Laparoscopic Gallbladder Surgery for Gallstones
The overall risk of laparoscopic gallbladder surgery is very low. The most serious possible complications include:
- Infection of an incision.
- Internal bleeding.
- Injury to the Reference common bile duct Opens New Window.
- Injury to the small intestine by one of the instruments used during surgery.
- Reference Risks of general anesthesia.
Other uncommon complications may include:
- Injury to the cystic duct, which carries bile from the gallbladder to the common bile duct.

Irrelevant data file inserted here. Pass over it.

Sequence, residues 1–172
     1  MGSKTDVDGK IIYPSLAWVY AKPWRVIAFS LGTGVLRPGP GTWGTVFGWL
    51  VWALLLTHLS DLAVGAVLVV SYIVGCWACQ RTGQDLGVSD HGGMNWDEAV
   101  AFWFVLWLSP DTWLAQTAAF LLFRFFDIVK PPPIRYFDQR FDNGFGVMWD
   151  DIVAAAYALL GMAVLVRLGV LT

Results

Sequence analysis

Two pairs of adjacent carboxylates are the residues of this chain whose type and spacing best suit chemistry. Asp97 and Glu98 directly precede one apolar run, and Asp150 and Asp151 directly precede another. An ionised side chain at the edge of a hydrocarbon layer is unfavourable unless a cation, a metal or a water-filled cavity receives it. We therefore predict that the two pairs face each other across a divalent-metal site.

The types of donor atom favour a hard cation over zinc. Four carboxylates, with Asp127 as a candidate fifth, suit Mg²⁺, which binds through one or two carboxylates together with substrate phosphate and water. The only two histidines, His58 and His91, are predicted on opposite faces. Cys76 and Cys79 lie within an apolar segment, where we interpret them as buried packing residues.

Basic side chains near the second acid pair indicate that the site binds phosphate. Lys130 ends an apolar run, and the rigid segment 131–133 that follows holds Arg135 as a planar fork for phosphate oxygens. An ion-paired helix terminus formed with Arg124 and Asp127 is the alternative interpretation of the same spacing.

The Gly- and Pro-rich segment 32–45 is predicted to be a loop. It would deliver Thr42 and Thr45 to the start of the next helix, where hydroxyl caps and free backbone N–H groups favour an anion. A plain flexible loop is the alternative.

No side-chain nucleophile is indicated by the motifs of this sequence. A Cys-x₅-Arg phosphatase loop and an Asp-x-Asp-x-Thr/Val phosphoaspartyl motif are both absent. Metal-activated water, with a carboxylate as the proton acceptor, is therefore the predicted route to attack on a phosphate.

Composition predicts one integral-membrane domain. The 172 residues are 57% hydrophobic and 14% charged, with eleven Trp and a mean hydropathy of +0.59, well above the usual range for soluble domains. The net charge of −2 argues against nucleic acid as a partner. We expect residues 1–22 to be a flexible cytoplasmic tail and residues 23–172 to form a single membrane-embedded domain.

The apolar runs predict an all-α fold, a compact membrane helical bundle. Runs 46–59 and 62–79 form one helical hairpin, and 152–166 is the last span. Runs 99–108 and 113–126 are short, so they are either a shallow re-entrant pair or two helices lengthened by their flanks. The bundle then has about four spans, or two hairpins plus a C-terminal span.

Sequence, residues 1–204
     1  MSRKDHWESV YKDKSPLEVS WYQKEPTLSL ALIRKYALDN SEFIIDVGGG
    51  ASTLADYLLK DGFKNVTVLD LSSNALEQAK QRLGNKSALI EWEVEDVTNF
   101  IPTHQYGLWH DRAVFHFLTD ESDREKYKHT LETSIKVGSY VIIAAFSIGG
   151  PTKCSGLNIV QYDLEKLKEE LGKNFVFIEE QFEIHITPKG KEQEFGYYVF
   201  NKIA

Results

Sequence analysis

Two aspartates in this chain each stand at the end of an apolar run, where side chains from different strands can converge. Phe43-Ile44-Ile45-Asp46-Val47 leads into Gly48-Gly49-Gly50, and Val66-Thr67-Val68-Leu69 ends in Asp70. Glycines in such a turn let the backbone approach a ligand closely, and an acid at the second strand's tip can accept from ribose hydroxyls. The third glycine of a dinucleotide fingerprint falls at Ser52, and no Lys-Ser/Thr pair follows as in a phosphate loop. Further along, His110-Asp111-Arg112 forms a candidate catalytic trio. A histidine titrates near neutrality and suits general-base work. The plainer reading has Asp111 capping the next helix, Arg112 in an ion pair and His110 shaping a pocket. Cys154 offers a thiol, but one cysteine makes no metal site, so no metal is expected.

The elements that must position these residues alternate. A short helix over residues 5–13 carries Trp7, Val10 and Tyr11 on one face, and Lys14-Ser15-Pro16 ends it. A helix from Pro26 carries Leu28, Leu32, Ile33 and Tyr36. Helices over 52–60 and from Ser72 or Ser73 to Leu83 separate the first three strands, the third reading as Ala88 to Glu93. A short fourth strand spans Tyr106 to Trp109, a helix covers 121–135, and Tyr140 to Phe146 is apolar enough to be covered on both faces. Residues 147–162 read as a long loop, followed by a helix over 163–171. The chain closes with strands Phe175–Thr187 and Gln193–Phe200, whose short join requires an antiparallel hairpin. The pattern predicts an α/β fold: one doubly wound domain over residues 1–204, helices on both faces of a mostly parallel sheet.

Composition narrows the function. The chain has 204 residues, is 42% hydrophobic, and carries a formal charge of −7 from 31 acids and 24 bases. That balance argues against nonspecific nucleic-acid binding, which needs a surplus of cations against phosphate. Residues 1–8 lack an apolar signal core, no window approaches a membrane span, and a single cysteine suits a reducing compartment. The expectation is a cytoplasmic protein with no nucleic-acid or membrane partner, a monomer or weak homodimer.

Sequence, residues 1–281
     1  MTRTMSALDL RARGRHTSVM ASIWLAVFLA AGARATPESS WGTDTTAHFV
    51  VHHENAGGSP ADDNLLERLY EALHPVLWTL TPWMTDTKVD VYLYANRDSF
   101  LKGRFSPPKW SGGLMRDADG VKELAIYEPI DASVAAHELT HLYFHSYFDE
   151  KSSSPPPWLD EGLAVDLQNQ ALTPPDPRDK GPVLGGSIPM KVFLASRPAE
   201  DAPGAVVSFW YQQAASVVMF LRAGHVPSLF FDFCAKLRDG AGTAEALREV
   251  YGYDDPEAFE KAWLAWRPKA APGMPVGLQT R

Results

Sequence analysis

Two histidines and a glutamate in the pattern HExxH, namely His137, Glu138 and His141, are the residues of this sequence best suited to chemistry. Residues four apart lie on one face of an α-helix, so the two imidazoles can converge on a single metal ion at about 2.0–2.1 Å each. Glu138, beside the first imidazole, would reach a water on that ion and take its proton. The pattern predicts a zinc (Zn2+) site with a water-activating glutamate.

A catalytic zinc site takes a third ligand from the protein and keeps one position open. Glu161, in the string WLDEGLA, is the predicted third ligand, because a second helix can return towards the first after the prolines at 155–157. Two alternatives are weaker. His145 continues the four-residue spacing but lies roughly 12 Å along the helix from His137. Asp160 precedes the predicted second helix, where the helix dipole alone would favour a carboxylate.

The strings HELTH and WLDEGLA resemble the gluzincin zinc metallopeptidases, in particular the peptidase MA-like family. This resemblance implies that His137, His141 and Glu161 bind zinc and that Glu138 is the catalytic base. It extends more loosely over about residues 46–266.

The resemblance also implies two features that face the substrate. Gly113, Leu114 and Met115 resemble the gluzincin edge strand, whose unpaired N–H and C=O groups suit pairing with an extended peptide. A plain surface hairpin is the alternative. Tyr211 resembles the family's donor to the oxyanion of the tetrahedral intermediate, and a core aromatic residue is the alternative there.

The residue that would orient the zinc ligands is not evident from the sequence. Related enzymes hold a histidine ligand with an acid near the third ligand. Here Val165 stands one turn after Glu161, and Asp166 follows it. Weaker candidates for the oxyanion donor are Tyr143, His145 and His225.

- Gallstones that remain in the abdominal cavity.
- Bile that leaks into the abdominal cavity.
- Injury to abdominal blood vessels, such as the major blood vessel carrying blood from the heart to the liver (hepatic artery). This is rare.
- A gallstone being pushed into the common bile duct.
- The liver being cut.
More surgery may be needed to repair these complications.
After gallbladder surgery, some people have ongoing abdominal symptoms, such as pain, bloating, gas, and diarrhea (Reference postcholecystectomy syndrome).
|By:||Reference Healthwise Staff||Last Revised: July 15, 2011|
|Medical Review:||Reference E. Gregory Thompson, MD - Internal Medicine
Reference Arvydas D. Vanagunas, MD - Gastroenterology